In fact, the problems are very closely related.  What Monty Hall is doing is essentially saying to A, "C is going to die - would you like to change places with B?"  And since B has a 2/3 chance of survival, A should certainly accept that offer.  (On certain assumptions.)

But the assumptions are critical (and most recent presentations of the Monty Hall Problem do make this clear.)  The 2/3 probability of winning if the contestant switches assumes that the host will always carry out the procedure, and that, when the contestant has initially chosen the box with the car, that the host will choose one of the other boxes to open with equal probability.  (If the host simply always opens the nearer box with the goat, then on the occasions when the host opens the further away box, the contestant will know that a switch guarantees success.)   And the host might not go through this procedure every time. If the host wants to save his employers money, then he might only offer the switch option on those occasions when the contestant has initially chosen the winning box.  If the host likes the contestant, he might only offer the switch option when the initial choice is losing.

In fact (according to, for example, the Wikipedia entry for Month Hall, in the real game show Monty did not always offer the choice.  He was playing a psychological game with the viewer, and, when "The Monty Hall Problem" became famous, he was well aware that the conditions necessary for the mathematical puzzle did not in fact apply to his game show.  I find it very pleasing that the game show host had a better understanding of the mathematics problem than many of the mathematicians whose instinctive answer, like mine, was wrong.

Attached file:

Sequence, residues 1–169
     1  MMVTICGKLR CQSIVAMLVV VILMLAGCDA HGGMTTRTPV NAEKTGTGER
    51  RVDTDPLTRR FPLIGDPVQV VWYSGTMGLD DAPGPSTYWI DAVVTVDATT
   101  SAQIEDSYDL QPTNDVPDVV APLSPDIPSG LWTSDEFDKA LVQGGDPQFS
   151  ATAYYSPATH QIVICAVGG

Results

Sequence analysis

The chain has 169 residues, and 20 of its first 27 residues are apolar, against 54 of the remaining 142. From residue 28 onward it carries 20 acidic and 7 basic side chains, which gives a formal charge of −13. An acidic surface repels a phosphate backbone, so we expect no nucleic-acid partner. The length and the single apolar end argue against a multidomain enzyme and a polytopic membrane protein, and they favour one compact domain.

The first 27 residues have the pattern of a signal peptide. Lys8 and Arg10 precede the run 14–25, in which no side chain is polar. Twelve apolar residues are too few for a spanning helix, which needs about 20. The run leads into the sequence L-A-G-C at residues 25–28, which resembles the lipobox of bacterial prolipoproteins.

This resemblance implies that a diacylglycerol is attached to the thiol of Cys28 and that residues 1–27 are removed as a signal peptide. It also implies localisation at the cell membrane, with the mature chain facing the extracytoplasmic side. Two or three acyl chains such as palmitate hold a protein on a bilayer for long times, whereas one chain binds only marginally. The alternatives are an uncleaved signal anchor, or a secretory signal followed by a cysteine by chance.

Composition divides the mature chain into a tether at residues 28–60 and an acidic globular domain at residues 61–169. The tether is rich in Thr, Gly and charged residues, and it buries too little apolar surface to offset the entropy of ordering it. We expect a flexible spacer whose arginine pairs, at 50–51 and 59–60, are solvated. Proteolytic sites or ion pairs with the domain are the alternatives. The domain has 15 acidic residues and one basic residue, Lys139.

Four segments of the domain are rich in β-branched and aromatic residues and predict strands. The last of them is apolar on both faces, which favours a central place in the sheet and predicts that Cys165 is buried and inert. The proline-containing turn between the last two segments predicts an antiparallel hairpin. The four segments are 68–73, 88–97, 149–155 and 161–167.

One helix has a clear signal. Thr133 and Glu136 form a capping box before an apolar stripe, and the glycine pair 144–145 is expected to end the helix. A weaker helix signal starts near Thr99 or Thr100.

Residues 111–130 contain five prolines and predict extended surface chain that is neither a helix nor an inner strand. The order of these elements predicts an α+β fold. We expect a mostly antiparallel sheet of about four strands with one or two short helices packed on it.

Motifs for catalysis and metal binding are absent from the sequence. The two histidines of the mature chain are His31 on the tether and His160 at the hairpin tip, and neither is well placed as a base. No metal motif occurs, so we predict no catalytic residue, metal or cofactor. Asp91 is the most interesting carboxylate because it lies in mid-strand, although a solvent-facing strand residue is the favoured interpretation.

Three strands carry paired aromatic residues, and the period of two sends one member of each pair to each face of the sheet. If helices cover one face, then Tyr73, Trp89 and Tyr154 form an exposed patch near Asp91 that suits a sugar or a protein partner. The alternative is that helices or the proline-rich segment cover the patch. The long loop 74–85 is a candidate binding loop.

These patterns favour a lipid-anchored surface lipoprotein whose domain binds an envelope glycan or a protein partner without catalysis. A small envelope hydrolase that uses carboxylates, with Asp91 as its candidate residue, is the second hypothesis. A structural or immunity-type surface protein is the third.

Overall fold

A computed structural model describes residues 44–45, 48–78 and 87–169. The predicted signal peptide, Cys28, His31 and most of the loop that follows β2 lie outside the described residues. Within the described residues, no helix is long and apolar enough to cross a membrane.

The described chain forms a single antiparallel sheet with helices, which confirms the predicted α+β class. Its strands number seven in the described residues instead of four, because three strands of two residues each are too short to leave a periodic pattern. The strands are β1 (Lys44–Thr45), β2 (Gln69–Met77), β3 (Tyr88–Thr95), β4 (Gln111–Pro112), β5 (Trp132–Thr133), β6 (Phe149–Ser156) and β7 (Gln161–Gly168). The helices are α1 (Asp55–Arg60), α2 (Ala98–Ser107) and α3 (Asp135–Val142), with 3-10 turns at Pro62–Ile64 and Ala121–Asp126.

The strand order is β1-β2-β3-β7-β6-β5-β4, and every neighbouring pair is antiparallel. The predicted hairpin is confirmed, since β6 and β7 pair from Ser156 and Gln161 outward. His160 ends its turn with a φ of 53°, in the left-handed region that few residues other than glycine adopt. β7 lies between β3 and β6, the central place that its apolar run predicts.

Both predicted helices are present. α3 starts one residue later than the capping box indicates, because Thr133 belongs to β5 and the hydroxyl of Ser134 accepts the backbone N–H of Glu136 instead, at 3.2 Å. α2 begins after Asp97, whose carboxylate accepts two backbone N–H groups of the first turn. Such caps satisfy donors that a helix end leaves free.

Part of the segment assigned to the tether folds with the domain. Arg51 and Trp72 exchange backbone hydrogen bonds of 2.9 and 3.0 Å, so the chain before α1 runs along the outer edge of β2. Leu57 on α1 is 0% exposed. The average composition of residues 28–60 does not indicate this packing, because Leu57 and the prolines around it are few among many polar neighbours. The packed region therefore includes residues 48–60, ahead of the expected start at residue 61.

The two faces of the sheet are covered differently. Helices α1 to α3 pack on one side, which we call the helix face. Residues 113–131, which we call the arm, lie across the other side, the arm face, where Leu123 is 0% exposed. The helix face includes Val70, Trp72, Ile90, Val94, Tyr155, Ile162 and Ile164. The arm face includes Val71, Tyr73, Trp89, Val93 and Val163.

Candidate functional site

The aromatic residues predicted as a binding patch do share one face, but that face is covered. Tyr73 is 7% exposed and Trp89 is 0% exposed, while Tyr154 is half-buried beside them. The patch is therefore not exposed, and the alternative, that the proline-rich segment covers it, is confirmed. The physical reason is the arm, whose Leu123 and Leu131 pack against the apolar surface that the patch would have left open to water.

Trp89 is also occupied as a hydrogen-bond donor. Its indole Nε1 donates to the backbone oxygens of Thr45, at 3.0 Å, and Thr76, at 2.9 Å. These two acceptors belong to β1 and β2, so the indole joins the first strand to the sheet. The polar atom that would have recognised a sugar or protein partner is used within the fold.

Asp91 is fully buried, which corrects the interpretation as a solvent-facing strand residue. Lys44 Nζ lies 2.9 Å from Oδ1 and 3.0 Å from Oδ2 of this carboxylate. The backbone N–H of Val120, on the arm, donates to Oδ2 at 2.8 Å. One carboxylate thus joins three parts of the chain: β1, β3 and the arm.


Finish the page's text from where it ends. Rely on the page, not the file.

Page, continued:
Saturday, 23 September 2017

How I won a jar of sweets

I was the proud winner of the Greenwich University MathSoc "guess how many sweets in the jar" competition at the Welcome Fair this week.

I was delighted to win because of the method I used, based on the "Wisdom of Crowds", which provided far superior to my colleagues' misguided attempts to estimate the volume of the jar and the average volume of the sweets.

With a problem like "how many sweets in the jar", no individual is likely to be able to make a particularly accurate estimate.  Some will guess in the right ballpark, while some will wildly over- or under- estimate.  The theory is, however, that if one averages many independent guesses, the result is likely to be close to the solution.

I tried this for my competition entry.  I could see seventeen previous entries, so I added them up (rounding to simplify the addition of seventeen three-digit numbers while talking to the MathSoc team at their stand) and divided by 17.  This gave me 337, which was my entry.  The exact solution was 336, which is a striking vindication of the Wisdom of Crowds.